Richard Childress Racing
Bernstein, Childress, Force: International Heroes
May 5, 2012
NHRA legends Kenny Bernstein and John Force and NASCAR team-owner Richard Childress were dressed to impress for their inductions into the International Motorsports Hall of Fame Thursday evening at the Speed Channel Dome adjacent to Talladega Superspeedway.
And for Childress, the black-tie ceremony was a lifetime removed from his first wide-eyed tour of the sprawling Alabama facility.
“In 1969, that’s where I got one of my biggest breaks,” said Childress, whose NASCAR career accelerated during a driver’s strike that threatened the high-banked, 2.66-mile trioval’s first race – the infamous Talladega 500 – on Sept. 14. When NASCAR founder Bill France Sr. was forced to look for replacement drivers in the face of safety concerns voiced by series regulars, Childress saw opportunity and signed-on.
“I remember going over to the Hall of Fame with Don Naman and just looking around and thinking, ‘Man, these are real heroes in here,’ ” said Childress, 66, now one of NASCAR’s most successful and wealthy team-owners. “To be able to go in this year is really, really special for me and my family. In racing, everybody sacrifices. And families sacrifice a lot.”
Childress warmed-up for his IMHOF induction with a similar ceremony during the Texas Motorsports Hall of Fame awards gala at Texas Motor Speedway last month. Childress was presented the Bruton Smith Legend Award given to individuals who have made a lasting impact on motorsports.
“When I started, I didn’t think I’d be alive today,” said Childress, one of NASCAR’s top independent drivers in the early 1970s who switched his number from 96 to 3 in 1976 in tribute to Junior Johnson, “The Last American Hero.” Childress never won in NASCAR’s premier series as a driver, retiring in 1981 with six top-five and 76 top-10 finishes and a career-best of third (1978).
But Childress had the business savvy to hire Dale Earnhardt in 1981 for the first of their two stints together; the friends went on to win six of Cap E’s record-tying seven Sprint Cup titles. Richard Childress Racing also has posted four Nationwide Series titles and a Camping World Truck Series crown. RCR was the first organization to win titles in the Cup, Nationwide and Camping World Truck series.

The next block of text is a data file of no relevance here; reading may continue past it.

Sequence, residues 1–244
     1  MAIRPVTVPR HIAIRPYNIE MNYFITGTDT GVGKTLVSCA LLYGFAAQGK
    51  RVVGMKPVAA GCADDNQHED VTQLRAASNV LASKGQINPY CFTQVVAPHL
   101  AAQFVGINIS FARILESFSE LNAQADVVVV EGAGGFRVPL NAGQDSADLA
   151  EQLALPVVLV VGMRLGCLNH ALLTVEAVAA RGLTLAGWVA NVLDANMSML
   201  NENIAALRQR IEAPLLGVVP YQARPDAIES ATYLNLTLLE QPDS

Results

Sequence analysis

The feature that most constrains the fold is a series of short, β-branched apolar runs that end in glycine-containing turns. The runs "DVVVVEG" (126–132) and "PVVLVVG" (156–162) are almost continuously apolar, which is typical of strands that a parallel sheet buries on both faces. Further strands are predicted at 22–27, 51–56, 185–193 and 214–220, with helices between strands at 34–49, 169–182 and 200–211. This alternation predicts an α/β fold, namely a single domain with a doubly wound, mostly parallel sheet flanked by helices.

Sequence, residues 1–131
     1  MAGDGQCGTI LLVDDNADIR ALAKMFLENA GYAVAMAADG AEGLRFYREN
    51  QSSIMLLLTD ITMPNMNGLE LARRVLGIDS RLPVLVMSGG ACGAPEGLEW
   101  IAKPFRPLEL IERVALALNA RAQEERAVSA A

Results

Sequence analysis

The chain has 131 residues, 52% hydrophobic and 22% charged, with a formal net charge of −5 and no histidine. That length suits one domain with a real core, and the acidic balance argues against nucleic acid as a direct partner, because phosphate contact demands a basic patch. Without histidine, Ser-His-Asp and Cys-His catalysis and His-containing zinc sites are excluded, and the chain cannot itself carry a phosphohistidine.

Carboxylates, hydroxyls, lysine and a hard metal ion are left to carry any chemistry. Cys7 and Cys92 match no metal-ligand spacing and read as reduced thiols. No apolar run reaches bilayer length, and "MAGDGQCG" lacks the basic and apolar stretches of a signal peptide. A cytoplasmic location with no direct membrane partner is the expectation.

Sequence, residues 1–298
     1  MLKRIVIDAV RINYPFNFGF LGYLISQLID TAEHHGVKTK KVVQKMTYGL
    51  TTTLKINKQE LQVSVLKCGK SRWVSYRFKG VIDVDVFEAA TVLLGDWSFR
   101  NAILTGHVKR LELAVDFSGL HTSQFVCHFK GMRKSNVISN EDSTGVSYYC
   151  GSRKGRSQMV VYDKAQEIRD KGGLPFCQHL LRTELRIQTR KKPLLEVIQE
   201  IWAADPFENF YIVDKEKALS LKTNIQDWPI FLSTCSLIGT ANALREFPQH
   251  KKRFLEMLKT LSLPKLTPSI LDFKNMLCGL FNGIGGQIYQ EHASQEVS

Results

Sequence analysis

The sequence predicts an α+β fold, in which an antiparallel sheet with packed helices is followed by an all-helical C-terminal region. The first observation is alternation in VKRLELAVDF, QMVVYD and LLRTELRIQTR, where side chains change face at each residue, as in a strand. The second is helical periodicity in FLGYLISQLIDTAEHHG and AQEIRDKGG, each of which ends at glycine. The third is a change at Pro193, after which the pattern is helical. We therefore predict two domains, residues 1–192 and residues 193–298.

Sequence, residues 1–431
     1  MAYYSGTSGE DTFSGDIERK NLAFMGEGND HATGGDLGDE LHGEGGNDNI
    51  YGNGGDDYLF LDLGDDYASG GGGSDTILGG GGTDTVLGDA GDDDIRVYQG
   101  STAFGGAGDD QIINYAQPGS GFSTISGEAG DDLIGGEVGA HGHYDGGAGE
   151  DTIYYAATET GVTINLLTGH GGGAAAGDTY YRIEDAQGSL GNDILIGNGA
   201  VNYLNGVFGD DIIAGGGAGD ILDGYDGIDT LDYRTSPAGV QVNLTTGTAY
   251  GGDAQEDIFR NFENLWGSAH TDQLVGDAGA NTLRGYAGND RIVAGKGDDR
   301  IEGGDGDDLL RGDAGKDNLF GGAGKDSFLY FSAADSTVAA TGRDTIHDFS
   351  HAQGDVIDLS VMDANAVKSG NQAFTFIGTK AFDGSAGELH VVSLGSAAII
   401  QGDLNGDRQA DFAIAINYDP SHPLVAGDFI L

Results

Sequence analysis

“Anytime you can receive any type of award in this sport it’s very meaningful…quite humbling for me,” said Childress, whose off-the-track interests are highlighted by his award-winning Childress Vineyards in Lexington, N.C. “I didn’t get here (alone)…it’s all about the people with me. Anytime I receive an award I’m receiving it for the people that’s worked with me over the years – drivers and everyone else.”
Fittingly, RCR posted its landmark 100th Cup victory at Talladega in October 2011 with Clint Bowyer. In addition to current Cup stars Kevin Harvick, Jeff Burton and Paul Menard, Childress is focused on the budding NASCAR careers of grandsons Austin and Ty Dillon. Austin, the 2011 Camping World Truck Series champion, has graduated to the Nationwide Series for RCR. Ty, the 2011 ARCA champion, has replaced his older brother in the Truck Series.
”They’re definitely going to keep me in it a lot longer,” said Childress, a longtime partner with Chevrolet Racing. “Really proud of their accomplishments…and they want it bad. They know they have to perform and they’ve got to win races and championships to keep a job in this business.
“And I don’t have any plans to go anywhere. Now I’m kind of getting re-fired-up, re-energized just watching them and hanging with them. I love this sport. You know, I’ll be in this sport until they run me off or I do something and they run me off. Maybe I’ll only come to a few races some day _ the old clock ticks on all of us. I’m hoping to be around quite a few more years and watch these guys keep racing for championships.”
Bernstein and Force are the 10th and 11th NHRA inductees into the prestigious Hall, which features among its members a distinguished roster of drivers from all segments of motorsports including
Earnhardt, Mario Andretti, Richard Petty and A.J. Foyt Jr. Previous NHRA inductees are Mickey Thompson (1990), Wally Parks (1992), “Big Daddy” Don Garlits (1997), Don “The Snake” Prudhomme (2000), Shirley Muldowney (2004), Joe Amato (2005), Bob Glidden (2005), Warren Johnson (2007) and Bill “Grumpy” Jenkins (2008).
Bernstein was not only a gifted driver but also a pioneering businessman, headlined by his 30-year sponsor relationship with Budweiser. He remains the only team-owner to have collected wins in each of America’s three major motorsports series: NHRA, NASCAR and CART (Indy-car).